In this case, Hamlet is obsessed with yet unable to act out his revenge since he is a man of thought and reflection, not of action and impulsiveness. "Revenge, said Francis Bacon in his essay on the subject, is a kind of wild justice, and something in Hamlet is too civilized for stealthy murder," says Northrop Frye (Frye). While he knows it is his duty to avenge his father's murder, Hamlet's desire to fulfill this obligation constantly wavers. In self-pity he cries, "O cursed spite / That ever I was born to set it right!" (1.5. 188-189), and yet in rage he utters, "Now could I drink hot blood / and do such bitter business as the day / Would quake to loot on," (3.2. 397-399). Hamlet hesitates numerous times to fulfill his duty to avenge his father, and in the end he must actually convince himself to kill Claudius. "... I do not know / Why yet I live to say 'This thing's to do', / Sith I have cause, and will, and strength, and means / To do't... / ... / O, from this time forth, / My thoughts be bloody, or be nothing worth!" (4.4. 43-46, 65-66). This unusual flaw leads to Hamlet's inevitable demise, and is the most convincing evidence that Hamlet is, indeed, a tragedy. The protagonist, however, is not the only character in the play that experiences a want for revenge. Shakespeare uses all three of the sons seeking vengeance to reveal the complexity of the human yearning for
The play, Hamlet, illustrates the hypocrisy of revenge. In this play, the prince Hamlet has just lost his father. While everyone thinks the death was accidental, Hamlet's dead father appears to him and tells him that his brother, Hamlet's uncle, murdered him. He commands Hamlet to avenge his death, yet not to harm his mother, because God and her conscience will punish her. Already, there is hypocrisy shown here - the dead king trusts God to take care of punishing his wife, yet commands his own son to to murder his uncle, rather than following what God says, “Beloved, never avenge yourselves, but leave it to the wrath of God; for it is written, "Vengeance is mine, I will repay, says the Lord." (Romans 12:19) He says, “But howsoever thou pursuest this act, [revenge on his uncle] Taint not thy mind, nor let thy soul contrive Against thy mother aught. Leave her to heaven And to those thorns that in her bosom lodge To prick
In his play Hamlet, William Shakespeare frequently utilizes the word “revenge” and images associated with this word in order to illustrate the idea that the pursuit of revenge has caused the downfall of many people. He builds up the idea that revenge causes people to act recklessly through anger rather than reason. In Hamlet, Fortinbras, Laertes and Hamlet all seek to avenge the deaths of their fathers. Hamlet and Laertes manage to avenge their father’s deaths and in doing so, both rely more on their emotions rather than their reasoning, which eventually leads to their downfalls at the end of Hamlet.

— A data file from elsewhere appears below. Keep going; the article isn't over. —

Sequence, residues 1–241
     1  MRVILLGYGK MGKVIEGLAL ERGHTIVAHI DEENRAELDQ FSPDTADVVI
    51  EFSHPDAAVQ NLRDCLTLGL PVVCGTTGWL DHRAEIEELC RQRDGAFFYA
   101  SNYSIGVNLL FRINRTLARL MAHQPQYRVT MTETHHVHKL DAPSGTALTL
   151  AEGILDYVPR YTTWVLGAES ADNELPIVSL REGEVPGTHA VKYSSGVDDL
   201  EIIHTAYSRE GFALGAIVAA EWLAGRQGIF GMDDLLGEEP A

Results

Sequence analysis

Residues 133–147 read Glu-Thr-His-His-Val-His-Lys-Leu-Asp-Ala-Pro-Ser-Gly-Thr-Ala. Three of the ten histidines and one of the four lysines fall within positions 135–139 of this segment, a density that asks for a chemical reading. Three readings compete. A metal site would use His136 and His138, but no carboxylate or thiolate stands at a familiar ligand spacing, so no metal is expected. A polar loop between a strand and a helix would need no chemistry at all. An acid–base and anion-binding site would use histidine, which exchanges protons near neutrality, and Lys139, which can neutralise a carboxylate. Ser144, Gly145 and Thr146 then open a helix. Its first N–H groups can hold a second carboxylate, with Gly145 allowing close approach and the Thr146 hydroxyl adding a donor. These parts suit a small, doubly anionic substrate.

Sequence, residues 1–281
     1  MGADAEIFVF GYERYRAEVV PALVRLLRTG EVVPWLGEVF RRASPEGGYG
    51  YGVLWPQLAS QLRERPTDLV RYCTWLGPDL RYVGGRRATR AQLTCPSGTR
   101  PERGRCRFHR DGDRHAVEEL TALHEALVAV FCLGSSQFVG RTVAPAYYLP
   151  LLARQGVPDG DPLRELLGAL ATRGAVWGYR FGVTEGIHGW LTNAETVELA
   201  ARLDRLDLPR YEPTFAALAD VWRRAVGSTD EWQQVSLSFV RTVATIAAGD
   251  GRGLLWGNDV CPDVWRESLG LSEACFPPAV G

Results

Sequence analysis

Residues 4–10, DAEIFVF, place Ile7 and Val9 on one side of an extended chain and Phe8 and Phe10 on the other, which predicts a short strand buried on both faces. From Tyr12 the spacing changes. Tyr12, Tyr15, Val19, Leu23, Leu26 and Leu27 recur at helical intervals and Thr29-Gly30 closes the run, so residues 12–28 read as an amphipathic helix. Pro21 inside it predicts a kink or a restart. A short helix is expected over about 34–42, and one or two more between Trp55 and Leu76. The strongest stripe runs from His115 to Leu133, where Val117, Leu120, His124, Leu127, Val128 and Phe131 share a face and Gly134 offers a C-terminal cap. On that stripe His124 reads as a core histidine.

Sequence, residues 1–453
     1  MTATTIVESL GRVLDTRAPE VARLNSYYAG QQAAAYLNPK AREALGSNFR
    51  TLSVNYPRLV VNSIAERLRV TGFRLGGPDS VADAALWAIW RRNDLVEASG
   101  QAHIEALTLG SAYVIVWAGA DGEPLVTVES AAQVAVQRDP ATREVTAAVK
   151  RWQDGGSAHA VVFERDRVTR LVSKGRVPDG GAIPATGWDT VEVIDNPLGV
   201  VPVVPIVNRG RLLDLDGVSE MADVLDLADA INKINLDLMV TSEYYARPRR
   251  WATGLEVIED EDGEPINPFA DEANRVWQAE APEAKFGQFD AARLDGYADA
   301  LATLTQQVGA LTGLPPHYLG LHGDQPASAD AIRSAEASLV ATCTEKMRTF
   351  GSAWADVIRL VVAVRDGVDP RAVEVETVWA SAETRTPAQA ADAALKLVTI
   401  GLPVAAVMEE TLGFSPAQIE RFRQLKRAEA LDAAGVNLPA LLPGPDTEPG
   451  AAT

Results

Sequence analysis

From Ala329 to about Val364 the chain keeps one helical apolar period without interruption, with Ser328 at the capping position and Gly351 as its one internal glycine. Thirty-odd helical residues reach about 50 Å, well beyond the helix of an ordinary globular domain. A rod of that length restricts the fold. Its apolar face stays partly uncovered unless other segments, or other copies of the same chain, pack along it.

Revenge is a dish best served cold, being one of the biggest themes in the play, at its Hamlet’s biggest goal in the play. From the very start Hamlet was out seeking revenge over his father’s death. He wanted to kill Claudius because Claudius killed his father, in an effort to become king himself. Hamlet then becomes obsessed with seeking vengeance, going so far as to fake madness in order to prove that Claudius is truly guilty for his father’s murder…
Hamlet’s plot to avenge his father’s death is ultimately driven by his passion and emotions, but his reasoning plays a role in the story as he considers the impact of certain actions. In scene three of act three, Hamlet finally receives an opportunity to carry out his plan. As Claudius is kneeling in prayer, the prince pulls out a sword and prepares to kill his father’s murderer. In this moment, he is driven by anger and bitterness, however, he suddenly has a realization and thinks logically. If he kills the man as he is praying, he will not suffer, but rather will go straight to heaven. Hamlet decides
Revenge is a recurring theme in Hamlet. Although Hamlet wants to avenge his father’s death, he is afraid of what would result from this. In the play Hamlet, Hamlet’s unwillingness to revenge appears throughout the text; Shakespeare exhibits this through Hamlet’s realization that revenge is not the right option, Hamlet‘s realization that revenge is the same as the crime which was already committed, and his understanding that to revenge is to become a “beast” and to not revenge is as well (Kastan 1).